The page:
PubDate: 2017-03-15T07:24:55Z
  • The informative value of type of repetition: Perceptual and conceptual
           fluency influences on judgments of truth
    • Abstract: Publication date: May 2017
      Source:Consciousness and Cognition, Volume 51
      Author(s): Rita R. Silva, Teresa Garcia-Marques, Rolf Reber
      We contrast the effects of conceptual and perceptual fluency resulting from repetition in the truth effect. In Experiment 1, participants judged either verbatim or paraphrased repetitions, which reduce perceptual similarity to original statements. Judgments were made either immediately after the first exposure to the statements or after one week. Illusions of truth emerged for both types of repetition, with delay reducing both effects. In Experiment 2, participants judged verbatim and paraphrased repetitions with either the same or a contradictory meaning of original statements. In immediate judgments, illusions of truth emerged for repetitions with the same meaning and illusions of falseness for contradictory repetitions. In the delayed session, the illusion of falseness disappeared for contradictory statements. Results are discussed in terms of the contributions of recollection of stimulus details and of perceptual and conceptual fluency to illusions of truth at different time intervals and judgmental context conditions.

      PubDate: 2017-03-15T07:24:55Z
  • When expectation confounds iconic memory: A reply to Bachmann and Aru
    • Abstract: Publication date: March 2017
      Source:Consciousness and Cognition, Volume 49
      Author(s): Arien Mack, Muge Erol, Jason Clarke

      PubDate: 2017-03-15T07:24:55Z
  • Does goal relevant episodic future thinking amplify the effect on delay
    • Abstract: Publication date: May 2017
      Source:Consciousness and Cognition, Volume 51
      Author(s): Sara O'Donnell, Tinuke Oluyomi Daniel, Leonard H. Epstein
      Delay discounting (DD) is the preference for smaller immediate rewards over larger delayed rewards. Research shows episodic future thinking (EFT), or mentally simulating future experiences, reframes the choice between small immediate and larger delayed rewards, and can reduce DD. Only general EFT has been studied, whereby people reframe decisions in terms of non-goal related future events. Since future thinking is often goal-oriented and leads to greater activation of brain regions involved in prospection, goal-oriented EFT may be associated with greater reductions in DD than general goal-unrelated EFT. The present study (n =104, M age =22.25, SD=3.42; 50% Female) used a between-subjects 2×2 factorial design with type of episodic thinking (Goal, General) and temporal perspective (Episodic future versus recent thinking; EFT vs ERT) as between factors. Results showed a significant reduction in DD for EFT groups (p<0.001, Cohen’s d effect size=0.89), and goal-EFT was more effective than general-EFT on reducing DD (p=0.03, d =0.64).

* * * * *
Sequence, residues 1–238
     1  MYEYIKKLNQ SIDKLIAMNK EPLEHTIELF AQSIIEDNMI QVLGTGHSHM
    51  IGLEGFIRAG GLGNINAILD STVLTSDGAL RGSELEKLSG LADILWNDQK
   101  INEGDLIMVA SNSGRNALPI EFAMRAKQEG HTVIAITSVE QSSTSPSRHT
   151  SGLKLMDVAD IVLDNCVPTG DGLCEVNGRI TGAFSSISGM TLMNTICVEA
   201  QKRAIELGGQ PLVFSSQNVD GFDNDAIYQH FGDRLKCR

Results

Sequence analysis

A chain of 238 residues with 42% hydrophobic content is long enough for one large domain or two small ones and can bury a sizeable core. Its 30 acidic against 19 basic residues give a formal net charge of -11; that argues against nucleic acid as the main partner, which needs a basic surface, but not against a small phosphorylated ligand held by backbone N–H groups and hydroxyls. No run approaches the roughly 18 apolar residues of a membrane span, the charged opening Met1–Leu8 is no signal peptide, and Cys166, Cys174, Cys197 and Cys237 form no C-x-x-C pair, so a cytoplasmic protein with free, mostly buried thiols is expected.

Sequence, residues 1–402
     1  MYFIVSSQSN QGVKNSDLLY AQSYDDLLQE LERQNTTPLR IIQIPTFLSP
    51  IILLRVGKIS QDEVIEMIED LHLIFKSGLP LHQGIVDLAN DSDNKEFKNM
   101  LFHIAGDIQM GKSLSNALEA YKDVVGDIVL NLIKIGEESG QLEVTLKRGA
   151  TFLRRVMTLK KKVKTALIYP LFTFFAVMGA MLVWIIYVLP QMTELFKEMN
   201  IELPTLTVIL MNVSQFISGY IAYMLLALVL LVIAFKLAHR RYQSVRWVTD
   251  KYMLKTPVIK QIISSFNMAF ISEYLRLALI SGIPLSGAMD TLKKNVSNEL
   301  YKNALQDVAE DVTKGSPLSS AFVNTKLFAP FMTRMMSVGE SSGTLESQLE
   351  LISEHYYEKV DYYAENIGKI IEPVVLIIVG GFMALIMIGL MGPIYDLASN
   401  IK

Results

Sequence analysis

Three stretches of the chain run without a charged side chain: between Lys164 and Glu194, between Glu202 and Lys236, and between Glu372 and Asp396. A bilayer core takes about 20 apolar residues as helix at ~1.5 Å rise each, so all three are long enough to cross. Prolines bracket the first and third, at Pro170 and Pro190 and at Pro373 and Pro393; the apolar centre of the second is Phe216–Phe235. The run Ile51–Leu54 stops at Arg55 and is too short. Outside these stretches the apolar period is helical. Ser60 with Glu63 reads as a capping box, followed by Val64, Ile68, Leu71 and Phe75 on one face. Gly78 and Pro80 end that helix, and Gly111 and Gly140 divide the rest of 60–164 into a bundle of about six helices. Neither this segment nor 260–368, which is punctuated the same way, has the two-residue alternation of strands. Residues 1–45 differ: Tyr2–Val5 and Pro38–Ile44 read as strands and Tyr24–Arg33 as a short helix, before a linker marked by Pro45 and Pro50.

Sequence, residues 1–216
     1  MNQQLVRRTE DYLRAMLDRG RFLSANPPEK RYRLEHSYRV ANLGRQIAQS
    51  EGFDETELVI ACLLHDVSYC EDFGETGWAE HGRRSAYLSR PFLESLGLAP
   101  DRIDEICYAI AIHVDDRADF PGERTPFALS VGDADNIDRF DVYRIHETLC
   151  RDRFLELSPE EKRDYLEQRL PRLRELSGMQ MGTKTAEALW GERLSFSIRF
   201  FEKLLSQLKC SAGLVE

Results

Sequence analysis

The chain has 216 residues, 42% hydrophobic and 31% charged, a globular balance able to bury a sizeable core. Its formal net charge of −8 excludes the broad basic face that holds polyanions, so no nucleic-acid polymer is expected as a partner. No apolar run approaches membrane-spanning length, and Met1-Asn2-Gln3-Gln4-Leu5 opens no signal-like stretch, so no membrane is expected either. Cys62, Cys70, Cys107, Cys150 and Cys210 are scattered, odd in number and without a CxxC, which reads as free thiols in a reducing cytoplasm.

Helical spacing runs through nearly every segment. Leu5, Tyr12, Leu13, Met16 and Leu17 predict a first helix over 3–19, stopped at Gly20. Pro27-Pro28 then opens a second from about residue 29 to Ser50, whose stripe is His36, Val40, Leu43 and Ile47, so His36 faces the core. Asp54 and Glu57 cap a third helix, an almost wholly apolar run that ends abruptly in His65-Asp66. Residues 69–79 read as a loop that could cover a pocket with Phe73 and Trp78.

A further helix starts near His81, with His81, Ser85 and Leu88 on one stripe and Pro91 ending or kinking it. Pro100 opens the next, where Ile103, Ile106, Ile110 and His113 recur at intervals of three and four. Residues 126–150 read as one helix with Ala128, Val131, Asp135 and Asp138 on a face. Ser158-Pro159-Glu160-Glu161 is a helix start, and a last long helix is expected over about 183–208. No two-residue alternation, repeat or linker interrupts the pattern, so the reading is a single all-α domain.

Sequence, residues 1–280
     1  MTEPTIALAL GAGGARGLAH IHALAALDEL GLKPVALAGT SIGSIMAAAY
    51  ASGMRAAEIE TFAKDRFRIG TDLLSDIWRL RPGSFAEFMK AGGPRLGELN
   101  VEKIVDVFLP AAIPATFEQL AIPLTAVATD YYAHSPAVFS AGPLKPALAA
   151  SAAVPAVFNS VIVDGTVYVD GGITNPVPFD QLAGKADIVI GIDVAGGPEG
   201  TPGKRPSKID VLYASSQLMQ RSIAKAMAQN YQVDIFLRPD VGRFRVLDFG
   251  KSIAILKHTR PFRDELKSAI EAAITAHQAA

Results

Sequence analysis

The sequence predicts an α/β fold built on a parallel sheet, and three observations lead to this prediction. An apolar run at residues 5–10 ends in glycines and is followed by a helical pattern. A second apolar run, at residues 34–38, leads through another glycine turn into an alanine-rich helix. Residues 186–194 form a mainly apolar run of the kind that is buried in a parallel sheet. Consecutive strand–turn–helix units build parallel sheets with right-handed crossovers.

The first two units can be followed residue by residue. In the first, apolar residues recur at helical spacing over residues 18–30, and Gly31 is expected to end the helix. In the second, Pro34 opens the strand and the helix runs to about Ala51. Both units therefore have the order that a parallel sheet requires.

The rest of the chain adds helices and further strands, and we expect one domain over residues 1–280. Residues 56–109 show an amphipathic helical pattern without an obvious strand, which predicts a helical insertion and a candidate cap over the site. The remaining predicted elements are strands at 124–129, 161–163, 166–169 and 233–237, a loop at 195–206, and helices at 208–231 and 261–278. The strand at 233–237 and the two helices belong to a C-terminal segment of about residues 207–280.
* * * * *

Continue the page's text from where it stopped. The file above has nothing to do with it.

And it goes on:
PubDate: 2017-03-09T06:03:27Z
  • Distorted body representations in anorexia nervosa
    • Abstract: Publication date: May 2017
      Source:Consciousness and Cognition, Volume 51
      Author(s): Stephen Gadsby
      In this paper, I discuss empirical evidence regarding anorexic patients’ distorted body representations. I fit this evidence into a broader framework for understanding how the spatial content of the body is tracked and represented. This framework is motivated by O’Shaughnessy’s (1980) long-term body image hypothesis. This hypothesis posits a representation that tracks changes in the spatial content of the body and supplies this content to other body representations. I argue that a similar kind of body representation might exist and, in the case of anorexia, be distorted. Finally, I suggest that this body representation might become distorted through influence by affect.

      PubDate: 2017-03-09T06:03:27Z
  • Libet’s experiment: Questioning the validity of measuring the urge
           to move
    • Abstract: Publication date: March 2017
      Source:Consciousness and Cognition, Volume 49
      Author(s): Tomáš Dominik, Daniel Dostál, Martin Zielina, Jan Šmahaj, Zuzana Sedláčková, Roman Procházka
      The time of subjectively registered urge to move (W) constituted the central point of most Libet-style experiments. It is therefore crucial to verify the W validity. Our experiment was based on the assumption that the W time is inferred, rather than introspectively perceived. We used the rotating spot method to gather the W reports together with the reports of the subjective timing of actual movement (M). The subjects were assigned the tasks in two different orders. When measured as first in the respective session, no significant difference between W and M values was found, which suggests that uninformed subjects tend to confuse W for M reports. Moreover, we found that W values measured after the M task were significantly earlier than W values measured before M. This phenomenon suggests that the apparent difference between W and M values is in fact caused by the subjects’ previous experience with M measurements.